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History of Holland > Dutch writers and scientists > Erasmus
One of the great restorers of letters in Europe, and one of the most elegant of modern Latin authors, was born in 1466 or 1467 in Rotterdam as Gerrit Gerritszoon, he was also known as Gerard Didier, and took the name of Erasmus, Desiderius Erasmus of Rotterdam. To profound learning he joined a refined taste and a delicate wit, and few men have been so greatly admired as he was during his lifetime. The principal sovereigns of Europe endeavored to draw him into their kingdoms.
Erasmus visited several times England, where he was received with great deference by Henry VIII, and where he gave lectures on Greek literature at Cambridge.
He made many translations from Greek authors, and a very valuable translation of the New Testament into Latin. His writings introduced the spirit of free inquiry on all subjects, and to his influence may be attributed the first dawning of the Reformation. But his caution offended some of the best men of the times.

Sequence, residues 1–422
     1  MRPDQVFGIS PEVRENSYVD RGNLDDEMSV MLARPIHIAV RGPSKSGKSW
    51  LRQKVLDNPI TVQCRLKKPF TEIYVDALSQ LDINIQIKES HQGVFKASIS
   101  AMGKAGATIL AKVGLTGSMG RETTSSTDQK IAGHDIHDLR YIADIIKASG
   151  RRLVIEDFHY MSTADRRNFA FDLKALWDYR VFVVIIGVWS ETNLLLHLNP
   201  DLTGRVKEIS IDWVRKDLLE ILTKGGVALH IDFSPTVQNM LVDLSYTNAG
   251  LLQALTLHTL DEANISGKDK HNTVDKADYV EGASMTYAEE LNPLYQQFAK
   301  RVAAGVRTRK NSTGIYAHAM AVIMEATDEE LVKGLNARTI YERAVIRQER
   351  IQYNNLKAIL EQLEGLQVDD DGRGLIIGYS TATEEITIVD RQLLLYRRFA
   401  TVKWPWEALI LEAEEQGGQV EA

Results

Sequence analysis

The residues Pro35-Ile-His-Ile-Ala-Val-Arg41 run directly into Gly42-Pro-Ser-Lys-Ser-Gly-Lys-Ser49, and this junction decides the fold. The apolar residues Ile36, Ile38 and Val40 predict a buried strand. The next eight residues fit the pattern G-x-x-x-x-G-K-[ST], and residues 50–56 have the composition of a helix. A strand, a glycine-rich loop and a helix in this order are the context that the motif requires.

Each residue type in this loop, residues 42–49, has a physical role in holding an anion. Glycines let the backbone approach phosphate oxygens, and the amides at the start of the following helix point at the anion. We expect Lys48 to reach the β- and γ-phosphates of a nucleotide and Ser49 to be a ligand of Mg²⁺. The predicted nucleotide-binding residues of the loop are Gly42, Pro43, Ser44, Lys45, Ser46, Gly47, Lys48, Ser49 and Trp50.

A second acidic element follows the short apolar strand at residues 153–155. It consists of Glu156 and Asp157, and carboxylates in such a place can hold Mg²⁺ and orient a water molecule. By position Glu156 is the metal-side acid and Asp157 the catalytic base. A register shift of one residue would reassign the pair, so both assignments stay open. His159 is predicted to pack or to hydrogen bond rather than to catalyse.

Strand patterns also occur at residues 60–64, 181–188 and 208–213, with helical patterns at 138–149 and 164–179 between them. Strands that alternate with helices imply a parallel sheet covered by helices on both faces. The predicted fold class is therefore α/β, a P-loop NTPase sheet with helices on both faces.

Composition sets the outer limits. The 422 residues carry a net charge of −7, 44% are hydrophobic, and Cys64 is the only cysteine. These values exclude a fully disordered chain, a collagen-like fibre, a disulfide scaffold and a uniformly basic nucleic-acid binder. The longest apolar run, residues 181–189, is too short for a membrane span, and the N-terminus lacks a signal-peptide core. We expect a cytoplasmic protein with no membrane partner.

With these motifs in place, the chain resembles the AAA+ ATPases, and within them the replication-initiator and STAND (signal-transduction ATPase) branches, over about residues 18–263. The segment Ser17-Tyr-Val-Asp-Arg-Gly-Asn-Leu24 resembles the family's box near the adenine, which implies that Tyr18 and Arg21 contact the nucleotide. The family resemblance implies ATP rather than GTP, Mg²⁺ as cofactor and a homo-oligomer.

His treatise on "Free Will" made an open breach between him and Luther, whose opinions favored predestination; his "Colloquies" gave great offense to the Catholics; and as he had not declared for the Protestants, he had but lukewarm friends in either party.
It has been said of Erasmus, that he would have purified and repaired the venerable fabric of the church, with a light and cautious touch, fearful lest learning, virtue, and religion should be buried in its fall, while Luther struck at the tottering ruin with a bold and reckless hand, confident that a new and more beautiful temple would rise from its ruins.
Erasmus died on July 12, 1536.